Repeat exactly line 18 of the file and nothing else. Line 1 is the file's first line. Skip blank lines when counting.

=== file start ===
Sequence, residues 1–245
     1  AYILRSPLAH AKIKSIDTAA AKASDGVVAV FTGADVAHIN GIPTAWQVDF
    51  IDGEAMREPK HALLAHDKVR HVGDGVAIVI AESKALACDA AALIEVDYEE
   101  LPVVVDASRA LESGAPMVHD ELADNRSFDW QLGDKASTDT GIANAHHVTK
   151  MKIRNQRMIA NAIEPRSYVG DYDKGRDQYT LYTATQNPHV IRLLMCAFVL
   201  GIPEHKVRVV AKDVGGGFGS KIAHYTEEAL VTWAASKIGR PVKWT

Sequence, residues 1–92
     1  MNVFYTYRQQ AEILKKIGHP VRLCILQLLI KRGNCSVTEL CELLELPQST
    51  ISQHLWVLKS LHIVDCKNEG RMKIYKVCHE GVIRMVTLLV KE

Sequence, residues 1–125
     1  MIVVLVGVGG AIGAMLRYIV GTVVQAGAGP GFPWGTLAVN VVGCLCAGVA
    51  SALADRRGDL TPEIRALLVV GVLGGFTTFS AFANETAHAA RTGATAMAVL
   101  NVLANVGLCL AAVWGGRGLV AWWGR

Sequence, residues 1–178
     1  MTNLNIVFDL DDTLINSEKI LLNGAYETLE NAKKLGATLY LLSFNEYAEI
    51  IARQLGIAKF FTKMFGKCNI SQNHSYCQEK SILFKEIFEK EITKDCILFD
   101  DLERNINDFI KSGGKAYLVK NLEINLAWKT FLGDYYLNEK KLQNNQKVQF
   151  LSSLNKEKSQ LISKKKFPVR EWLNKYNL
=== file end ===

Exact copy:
   151  LSSLNKEKSQ LISKKKFPVR EWLNKYNL